The third roommate is a real writer, unlike you. You, who scribbles away into the night showing her stories to no one, submitting them nowhere. The real writer takes you to literary readings. At a coffee shop, a speakeasy, the back porch of a townhouse in Petworth — where people read poems and prose you don’t understand in serious, enchanting voices. The messages of their pieces mostly allude you, but their words make you feel things. The real writer invites you to her critique group, where you read your stories to her friends and they ask you why you chose this word or that, why your character did a certain thing or didn’t, and you feel powerful. Like you created something with great meaning.

Soon, the real writer leaves, too. She’s been accepted to a months-long artist residency in the middle of Wyoming. So, she breaks her lease and quits town, and says she’ll keep in touch, and it pinches your heart as you wonder if you’ll ever see her again. She emails you from Wyoming, always on Sundays, because she’s serious about protecting time for her art. She sends you photos, wide-open canvasses of land where the prairie grass and the sulking clouds meet at the horizon, and you think about how you could never witness such a thing in the city, or on the East Coast.

You set alerts for flights to Wyoming and map out your trip to visit the writer. What if you applied for the residency, too? What if you gave up your small, safe room and your admirable, useful job and went out there to join her?

You apply on a whim. A frantic wish on a secret penny that you mention to no one. You won’t get in. The chances are very slim. Despite the impracticality of it, and maybe because no one expects it of you, you can’t help but hope.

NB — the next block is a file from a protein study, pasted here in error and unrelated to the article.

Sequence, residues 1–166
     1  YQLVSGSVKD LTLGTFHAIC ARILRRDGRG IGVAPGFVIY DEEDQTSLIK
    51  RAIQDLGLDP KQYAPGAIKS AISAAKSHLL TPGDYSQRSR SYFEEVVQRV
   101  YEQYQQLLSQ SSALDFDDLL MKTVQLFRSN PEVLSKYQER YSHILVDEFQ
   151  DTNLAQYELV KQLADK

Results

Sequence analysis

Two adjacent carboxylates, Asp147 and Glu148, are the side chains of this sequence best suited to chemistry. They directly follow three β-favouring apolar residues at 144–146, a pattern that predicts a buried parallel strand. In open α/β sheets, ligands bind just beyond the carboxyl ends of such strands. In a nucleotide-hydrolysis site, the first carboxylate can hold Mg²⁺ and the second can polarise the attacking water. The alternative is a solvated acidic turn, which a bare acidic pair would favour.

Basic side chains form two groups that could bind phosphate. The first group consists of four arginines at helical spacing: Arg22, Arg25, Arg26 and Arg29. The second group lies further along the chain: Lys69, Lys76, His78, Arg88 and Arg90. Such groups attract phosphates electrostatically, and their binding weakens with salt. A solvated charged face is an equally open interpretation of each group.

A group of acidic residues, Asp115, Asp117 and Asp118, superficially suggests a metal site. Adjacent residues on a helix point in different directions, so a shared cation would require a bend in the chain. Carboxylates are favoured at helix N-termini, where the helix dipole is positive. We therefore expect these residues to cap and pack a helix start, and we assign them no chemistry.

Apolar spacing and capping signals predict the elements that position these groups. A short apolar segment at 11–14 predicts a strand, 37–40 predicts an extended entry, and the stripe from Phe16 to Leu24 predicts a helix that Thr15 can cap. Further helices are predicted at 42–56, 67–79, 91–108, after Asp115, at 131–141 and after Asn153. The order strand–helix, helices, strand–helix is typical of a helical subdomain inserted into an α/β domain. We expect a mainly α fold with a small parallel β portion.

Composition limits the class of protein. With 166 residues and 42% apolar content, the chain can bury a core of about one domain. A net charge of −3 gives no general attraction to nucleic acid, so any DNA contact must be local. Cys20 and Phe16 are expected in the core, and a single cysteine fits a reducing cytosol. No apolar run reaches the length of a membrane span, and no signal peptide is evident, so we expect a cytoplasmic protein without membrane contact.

A month later, an email arrives. Status of your application says the subject line. You click on it and take a deep breath. What if? You close your eyes, try to imagine each outcome, and brace yourself for the most likely conclusion, then click. We regret to inform you… You let yourself be shocked for a few minutes. Did you really expect you’d get in? Were you banking on beginners’ luck, a gift from the Universe? It surprises you how much the rejection stings. Disappointment blooms in your core. You tell the real writer what happened. This is good, she says, keep going.

© Joanna Urban 2023

WWPH Community News

WWPH kicks off National Poetry Month with our first annual April poetry reading! Join us. Email us at wwphpress@gmail.com for a zoom link, or join via FACEBOOK live.

2023 Winners of the WWPH Annual manuscript contests in poetry, fiction, and for the first time: creative nonfiction! Winners will receive editorial guidance, book publication in October 2023, launch support, and $1500 awards. All entries were judged blind by WWPH writers. BIG Congratulations to all! This year was the most competitive in our forty-eight year history. More details about our winners and their award-winning manuscripts here. Our 2024 manuscripts contests open on September 1st.

Thinking of submitting to WWPH Writes? We are reading now for our JULY issues. Here’s a quick prompt: hot summer night in the DMV and submit it to us! And we are always looking for work that celebrates, unsettles, and questions our lives in the DC, Maryland, and Virginia area (DMV) and our nation. New perspectives, diverse voices, and voices with craft and fierceness are strongly encouraged to submit. It’s FREE to submit, but you must live in the DMV. Please send us your best work–challenge us with your ideas and writing. Submit here

Purchase our award-winning books including YOU CANNOT SAVE HERE by Anthony Moll, winner of our 2022 Jean Feldman Poetry Award, and

THE WITCH BOTTLE & OTHER STORIES by Suzanne Feldman, 2022 Fiction Award-winner, on our new affiliate page on bookshop.org and help support our nonprofit cooperative press!

Thank you for being part of the WWPH Community!

Caroline Bock

Co-President & Fiction Editor, WWPH Writes

Jona Colson

Co-President & Poetry Editor, WWPH Writes